Corticosteroid Injection

Although commonly used, corticosteroid injections (CSI) are of questionable utility in the treatment of plantar fasciitis. This is likely due to the majority of cases being chronic in nature and the anti-inflammatory effects of corticosteroids are limited. A Cochrane review showed low quality evidence of benefit at 1 month, but none after.[9]David JA, Sankarapandian V, Christopher PR, Chatterjee A, Macaden AS. Injected corticosteroids for treating plantar heel pain in adults. Cochrane Database Syst Rev 2017;11:CD009348. There are risks associated with CSI, namely heel pad atrophy and rupture of the plantar fascia, both of which have significant morbidity. For this reason, there is a growing belief that other modalities should be tried prior to injecting corticosteroids. When possible, ultrasound should be used to increase precision and decrease risk of adverse events.

Other Treatments

Autologous Blood Injection. This procedure involves taking a small amount of the patients blood, making no modifications or manipulations to the specimen, and then injecting it back into the plantar fascia. Although not commonly used, one small study showed some benefit.[10]Wheeler, Patrick. “Autologous blood injections for chronic plantar fasciitis–a pilot case-series study shows promising results.” International Musculoskeletal Medicine 35.1 (2013): 3-7.

Botulinum Toxin A Injection. Botulinum toxin, commonly called botox, has been used to treat a lot of similar conditions throughout the body. For plantar fasciitis, one small randomized controlled trial showed statistically significant changes in the treatment group.[11]Babcock MS, Foster L, Pasquina P, Jabbari B. Treatment of pain attributed to plantar fasciitis with botulinum toxin A: a short-term, randomized, placebo-controlled, double-blind study. Am J Phys Med … Continue reading

Platelet Rich Plasma (PRP). PRP is also a blood based therapy, but after the aspiration of about 50 cc of blood, it is placed in a centrifuge and the platelets are concentrated for injection. This treatment is used for a wide variety of musculoskeletal conditions. In plantar fasciitis, a recent systematic review and meta-analysis showed benefit at 3 months making it more appealing than corticosteroids.[12]Singh, Prashant, et al. “A systematic review and meta-analysis of platelet-rich plasma versus corticosteroid injections for plantar fasciopathy.” International orthopaedics 41.6 (2017): … Continue reading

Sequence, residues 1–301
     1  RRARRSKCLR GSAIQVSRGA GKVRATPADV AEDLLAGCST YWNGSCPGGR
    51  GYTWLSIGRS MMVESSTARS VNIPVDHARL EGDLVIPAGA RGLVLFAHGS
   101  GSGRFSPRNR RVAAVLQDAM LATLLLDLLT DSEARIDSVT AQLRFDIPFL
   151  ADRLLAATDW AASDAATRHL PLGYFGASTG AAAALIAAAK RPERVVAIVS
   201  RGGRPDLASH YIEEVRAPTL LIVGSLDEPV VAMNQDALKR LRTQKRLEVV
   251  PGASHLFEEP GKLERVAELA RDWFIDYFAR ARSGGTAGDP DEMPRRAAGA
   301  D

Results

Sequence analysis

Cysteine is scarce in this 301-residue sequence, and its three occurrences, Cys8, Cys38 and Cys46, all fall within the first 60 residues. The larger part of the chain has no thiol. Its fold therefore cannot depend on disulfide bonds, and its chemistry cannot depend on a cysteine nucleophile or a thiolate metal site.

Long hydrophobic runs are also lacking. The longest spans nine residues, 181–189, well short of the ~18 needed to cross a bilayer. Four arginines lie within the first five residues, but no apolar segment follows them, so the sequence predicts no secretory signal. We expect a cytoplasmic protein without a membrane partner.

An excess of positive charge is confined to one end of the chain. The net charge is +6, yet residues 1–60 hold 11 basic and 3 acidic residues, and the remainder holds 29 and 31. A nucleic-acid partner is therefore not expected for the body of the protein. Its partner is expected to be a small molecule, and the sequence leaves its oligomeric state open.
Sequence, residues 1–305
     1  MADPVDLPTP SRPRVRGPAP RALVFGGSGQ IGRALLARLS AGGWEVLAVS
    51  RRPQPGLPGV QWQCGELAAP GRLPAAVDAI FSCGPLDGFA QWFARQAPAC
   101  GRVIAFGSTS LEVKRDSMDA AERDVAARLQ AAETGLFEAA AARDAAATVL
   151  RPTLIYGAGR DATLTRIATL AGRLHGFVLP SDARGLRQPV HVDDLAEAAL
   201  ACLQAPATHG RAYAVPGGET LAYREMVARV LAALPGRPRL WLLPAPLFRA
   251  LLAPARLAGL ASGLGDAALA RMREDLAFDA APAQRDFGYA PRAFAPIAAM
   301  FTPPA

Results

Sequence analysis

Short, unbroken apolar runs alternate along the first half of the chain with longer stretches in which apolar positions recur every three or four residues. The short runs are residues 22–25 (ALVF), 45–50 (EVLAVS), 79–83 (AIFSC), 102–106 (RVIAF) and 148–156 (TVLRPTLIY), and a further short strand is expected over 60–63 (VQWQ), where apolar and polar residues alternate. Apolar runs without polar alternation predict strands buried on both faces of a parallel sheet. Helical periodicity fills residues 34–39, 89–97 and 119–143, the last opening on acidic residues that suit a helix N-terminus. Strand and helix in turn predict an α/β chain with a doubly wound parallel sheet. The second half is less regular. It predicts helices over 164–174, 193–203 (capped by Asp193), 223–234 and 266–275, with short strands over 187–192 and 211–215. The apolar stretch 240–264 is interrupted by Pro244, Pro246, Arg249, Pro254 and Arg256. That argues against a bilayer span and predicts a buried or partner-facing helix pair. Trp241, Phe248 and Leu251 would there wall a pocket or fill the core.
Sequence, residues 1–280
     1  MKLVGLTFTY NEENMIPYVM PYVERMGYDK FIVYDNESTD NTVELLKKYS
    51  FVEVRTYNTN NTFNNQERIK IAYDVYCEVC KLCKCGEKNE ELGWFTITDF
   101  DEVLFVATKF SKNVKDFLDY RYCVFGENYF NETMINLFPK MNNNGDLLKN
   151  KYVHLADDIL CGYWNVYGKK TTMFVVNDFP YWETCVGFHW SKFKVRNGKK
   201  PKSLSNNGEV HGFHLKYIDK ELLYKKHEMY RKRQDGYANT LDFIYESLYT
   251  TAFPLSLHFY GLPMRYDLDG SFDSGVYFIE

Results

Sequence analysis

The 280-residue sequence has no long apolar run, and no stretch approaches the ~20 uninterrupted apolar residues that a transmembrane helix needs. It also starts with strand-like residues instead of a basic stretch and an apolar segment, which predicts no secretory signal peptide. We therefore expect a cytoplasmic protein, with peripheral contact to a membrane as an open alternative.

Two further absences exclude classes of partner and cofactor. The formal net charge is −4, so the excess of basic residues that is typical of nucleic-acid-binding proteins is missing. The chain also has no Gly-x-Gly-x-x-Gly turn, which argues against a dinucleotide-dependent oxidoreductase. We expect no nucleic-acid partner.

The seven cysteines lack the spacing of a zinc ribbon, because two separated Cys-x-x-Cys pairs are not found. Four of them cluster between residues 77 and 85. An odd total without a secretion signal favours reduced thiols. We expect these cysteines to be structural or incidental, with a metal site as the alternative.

Extracorporeal Shock Wave Therapy (ECSWT). ECSWT involves using shock waves to the injured tissue to break up scar tissue and promote healing. A meta-analysis for plantar fasciitis found that it can improve pain but could draw no firm conclusions about its role in the treatment of plantar fasciitis.[13]Sun, Jiale, et al. “Extracorporeal shock wave therapy is effective in treating chronic plantar fasciitis: A meta-analysis of RCTs.” Medicine 96.15 (2017).

Radiation Therapy. Targeted radiation therapy has been used on many soft tissues for a wide variety of diseases. It is thought to have an anti-inflammatory effects that reduce inflammatory mediators and pain. In a study comparing radiation therapy to corticosteroid injection, it was superior for pain relief at 3 and 6 months.[14]Canyilmaz E, Canyilmaz F, Aynaci O, et al. Prospective randomized comparison of the effectiveness of radiation therapy and local steroid injection for the treatment of plantar fasciitis. Int J Radiat … Continue reading


There are many treatment options for plantar fasciitis and its more chronic present, plantar fasciopathy. The vast majority of cases will get better in a year with appropriate treatment. First line therapy includes activity modification, NSAIDS, shoe inserts, ice and and physical therapy. If that is insufficient, there are a wide variety of additional treatment options that can be deployed.